Featuring dedicated spaces for adults and children alike, the Pacific House is a residential exercise in splitting up and coming back together to create a cohesive yet carefully zoned home. In doing so, Gockel Architects delivers on what may seem to be a paradox – a sophisticated contemporary home with a family-first mindset.
From the street, a modernist-inspired double-storey volume of horizontal and vertical planes is partially concealed by an established tree in the front yard. In the house beyond, a band of solid concrete separates the ground floor living spaces from the first floor sleeping quarters. Upstairs these are again divided, with a children’s zone to the front and a master suite to the rear. Read together, these demarcations in activity repeatedly appear throughout.
Behind a façade of cascading vegetation and timber-battened screens lies a practical and considered home, located only a stone’s throw from Sunshine Beach in Queensland’s picturesque Noosa. Passing a solid American oak pivot door, a long linear entry divides the house in two. Leading to an open-plan living/dining/kitchen, this split is most readily demarcated by a transition in floor finish. Whilst a cloudy burnished concrete provides a robust surface for the practical amenity area of the kitchen, a soft textured oak announces the arrival of the tranquil living room. Where one space is for culinary creations, the other is for absolute leisure.
To the south-east, a white off-form concrete hearth hovers above a sunken lounge. Behind, a meticulously irregular Rapa Nui wall punctures the space. Extending from a private central courtyard to a shaded rear terrace and pool, this wall opens up the room to the great outdoors. In doing so, the lounge is able to accommodate small intimate gatherings and large sprawling celebrations. In stark contrast to the black powder-coated finish of doors and windows, consciously proportioned sofas comfortably nestle into the double-height space.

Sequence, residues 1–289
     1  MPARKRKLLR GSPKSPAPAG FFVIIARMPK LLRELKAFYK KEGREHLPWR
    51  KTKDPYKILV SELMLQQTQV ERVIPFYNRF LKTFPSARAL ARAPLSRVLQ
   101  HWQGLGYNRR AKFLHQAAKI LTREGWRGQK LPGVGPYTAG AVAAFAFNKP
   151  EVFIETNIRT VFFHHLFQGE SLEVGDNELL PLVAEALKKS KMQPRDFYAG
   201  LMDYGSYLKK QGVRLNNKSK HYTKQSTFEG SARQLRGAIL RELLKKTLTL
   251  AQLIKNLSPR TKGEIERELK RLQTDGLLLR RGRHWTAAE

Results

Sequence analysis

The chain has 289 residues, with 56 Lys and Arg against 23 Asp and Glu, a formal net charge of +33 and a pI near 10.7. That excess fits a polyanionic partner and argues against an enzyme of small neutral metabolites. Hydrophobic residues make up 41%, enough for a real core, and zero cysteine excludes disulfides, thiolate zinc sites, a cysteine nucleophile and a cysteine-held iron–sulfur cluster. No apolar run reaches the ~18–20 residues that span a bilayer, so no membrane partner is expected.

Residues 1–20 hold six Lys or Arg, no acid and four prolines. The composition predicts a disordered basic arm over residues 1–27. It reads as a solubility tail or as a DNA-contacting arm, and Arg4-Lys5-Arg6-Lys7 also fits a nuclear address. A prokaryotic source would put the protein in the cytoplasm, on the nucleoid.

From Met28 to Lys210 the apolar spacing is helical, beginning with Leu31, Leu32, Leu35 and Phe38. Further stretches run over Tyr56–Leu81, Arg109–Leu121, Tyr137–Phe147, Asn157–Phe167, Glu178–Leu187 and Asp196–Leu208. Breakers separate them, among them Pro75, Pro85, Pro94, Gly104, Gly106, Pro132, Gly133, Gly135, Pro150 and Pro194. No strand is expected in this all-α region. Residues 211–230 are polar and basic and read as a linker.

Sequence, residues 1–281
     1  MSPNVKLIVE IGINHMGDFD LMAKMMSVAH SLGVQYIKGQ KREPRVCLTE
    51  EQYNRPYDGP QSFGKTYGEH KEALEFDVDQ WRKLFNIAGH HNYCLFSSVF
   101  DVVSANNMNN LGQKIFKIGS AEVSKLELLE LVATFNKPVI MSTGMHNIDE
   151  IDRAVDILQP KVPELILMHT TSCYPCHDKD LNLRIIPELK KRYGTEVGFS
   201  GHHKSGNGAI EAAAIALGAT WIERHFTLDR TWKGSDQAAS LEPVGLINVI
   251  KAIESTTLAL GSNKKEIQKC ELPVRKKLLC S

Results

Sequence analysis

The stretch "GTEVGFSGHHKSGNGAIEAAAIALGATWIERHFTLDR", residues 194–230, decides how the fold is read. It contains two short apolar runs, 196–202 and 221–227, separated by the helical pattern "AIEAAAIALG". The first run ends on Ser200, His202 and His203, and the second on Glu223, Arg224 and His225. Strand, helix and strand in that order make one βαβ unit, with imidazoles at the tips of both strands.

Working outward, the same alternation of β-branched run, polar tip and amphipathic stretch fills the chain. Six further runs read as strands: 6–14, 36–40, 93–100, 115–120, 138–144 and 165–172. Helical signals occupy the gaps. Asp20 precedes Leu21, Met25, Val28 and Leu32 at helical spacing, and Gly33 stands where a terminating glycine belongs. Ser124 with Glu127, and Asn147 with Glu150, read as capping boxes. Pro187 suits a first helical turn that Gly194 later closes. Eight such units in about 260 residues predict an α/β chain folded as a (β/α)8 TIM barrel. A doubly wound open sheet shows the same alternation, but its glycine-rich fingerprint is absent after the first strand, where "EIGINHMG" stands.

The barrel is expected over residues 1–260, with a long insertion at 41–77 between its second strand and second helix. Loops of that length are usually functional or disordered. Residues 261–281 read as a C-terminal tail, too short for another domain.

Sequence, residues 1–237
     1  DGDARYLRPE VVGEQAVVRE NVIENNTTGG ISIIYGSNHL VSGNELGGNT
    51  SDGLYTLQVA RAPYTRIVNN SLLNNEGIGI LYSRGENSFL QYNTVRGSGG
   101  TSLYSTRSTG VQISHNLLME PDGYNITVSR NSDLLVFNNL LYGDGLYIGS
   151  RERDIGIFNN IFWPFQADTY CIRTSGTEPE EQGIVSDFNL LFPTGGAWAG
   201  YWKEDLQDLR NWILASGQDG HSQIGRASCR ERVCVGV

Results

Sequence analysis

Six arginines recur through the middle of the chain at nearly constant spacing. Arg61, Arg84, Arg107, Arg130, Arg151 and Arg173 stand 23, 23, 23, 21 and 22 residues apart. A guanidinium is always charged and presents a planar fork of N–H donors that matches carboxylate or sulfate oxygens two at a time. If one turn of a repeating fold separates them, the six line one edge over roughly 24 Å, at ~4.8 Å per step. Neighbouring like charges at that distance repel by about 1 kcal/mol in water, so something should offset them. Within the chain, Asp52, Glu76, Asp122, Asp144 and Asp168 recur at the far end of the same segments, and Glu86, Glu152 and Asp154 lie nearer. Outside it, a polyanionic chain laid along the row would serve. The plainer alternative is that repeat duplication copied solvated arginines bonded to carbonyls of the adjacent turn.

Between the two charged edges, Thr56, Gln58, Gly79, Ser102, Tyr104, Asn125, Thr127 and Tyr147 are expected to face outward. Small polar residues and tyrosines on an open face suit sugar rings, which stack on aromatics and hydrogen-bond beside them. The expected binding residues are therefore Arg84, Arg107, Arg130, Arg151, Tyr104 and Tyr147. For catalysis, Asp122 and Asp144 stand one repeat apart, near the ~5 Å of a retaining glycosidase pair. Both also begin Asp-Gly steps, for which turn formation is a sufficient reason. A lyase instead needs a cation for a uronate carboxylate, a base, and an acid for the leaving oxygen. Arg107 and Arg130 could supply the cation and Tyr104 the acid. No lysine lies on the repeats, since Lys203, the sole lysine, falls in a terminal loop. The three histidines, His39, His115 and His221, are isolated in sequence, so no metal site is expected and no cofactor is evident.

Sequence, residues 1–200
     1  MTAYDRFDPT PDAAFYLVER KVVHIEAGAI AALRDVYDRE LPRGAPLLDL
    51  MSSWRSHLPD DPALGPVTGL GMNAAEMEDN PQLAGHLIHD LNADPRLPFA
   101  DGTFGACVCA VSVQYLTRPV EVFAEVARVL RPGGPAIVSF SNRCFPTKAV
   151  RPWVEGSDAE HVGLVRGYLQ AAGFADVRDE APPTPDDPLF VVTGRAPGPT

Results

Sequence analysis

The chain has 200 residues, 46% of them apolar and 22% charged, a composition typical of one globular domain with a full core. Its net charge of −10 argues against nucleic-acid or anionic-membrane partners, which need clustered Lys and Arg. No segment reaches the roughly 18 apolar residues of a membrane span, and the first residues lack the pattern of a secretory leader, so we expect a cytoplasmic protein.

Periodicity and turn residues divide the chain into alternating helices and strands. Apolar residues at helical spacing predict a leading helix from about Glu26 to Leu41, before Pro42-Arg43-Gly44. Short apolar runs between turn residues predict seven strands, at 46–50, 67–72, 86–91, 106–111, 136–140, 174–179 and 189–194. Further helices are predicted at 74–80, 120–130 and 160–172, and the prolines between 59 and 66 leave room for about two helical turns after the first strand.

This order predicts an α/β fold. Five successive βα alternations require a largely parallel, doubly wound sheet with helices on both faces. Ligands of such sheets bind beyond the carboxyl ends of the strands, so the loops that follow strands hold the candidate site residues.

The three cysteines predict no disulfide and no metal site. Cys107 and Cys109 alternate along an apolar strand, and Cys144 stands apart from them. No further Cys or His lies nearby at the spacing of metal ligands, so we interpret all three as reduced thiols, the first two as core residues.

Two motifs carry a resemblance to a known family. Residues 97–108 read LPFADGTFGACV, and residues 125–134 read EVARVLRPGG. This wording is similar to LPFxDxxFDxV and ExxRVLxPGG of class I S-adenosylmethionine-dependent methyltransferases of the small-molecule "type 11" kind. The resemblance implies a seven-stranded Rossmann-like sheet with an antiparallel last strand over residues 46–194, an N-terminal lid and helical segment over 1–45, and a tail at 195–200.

Demarcating a zone for cleaning and for clothes, stone tiles and timber floorboards feature in washing areas and robes.
To the north-west, a play of white and black tones takes place once again. This time, a palatially-scaled island bench in porcelain stone panels sits opposite jet black kitchen joinery which extends through to a butler’s pantry. Hanging above the island are a series of funnel-shaped weaved pendant lamps from Uniqwa. Beside this, the dining table is flooded with light via a combination of full-height and clerestory windows.
As with the ground floor, both the adult and children’s suites are materially split underfoot. Demarcating a zone for cleaning and for clothes, stone tiles and timber floorboards feature in washing areas and robes. Here, muted greys in the above counter basins are complemented with chrome-finished tapware from Caroma. Either side of the master ensuite’s floating vanity are a freestanding bathtub and walk-in shower. Above, asymmetrically suspended pendants follow the curve of circular mirrors. A seamless feel is created throughout as vanity materials match those in the kitchen.
As materials, colours, and programs collide and divide, a myriad of conversations begin to take place. And yet, with dedicated spaces for adults and children alike, Gockel Architects have managed to create a cohesive narrative for this young family. Whilst the Pacific House offers many things, it cohesively brings all of them together to offer only one: a home.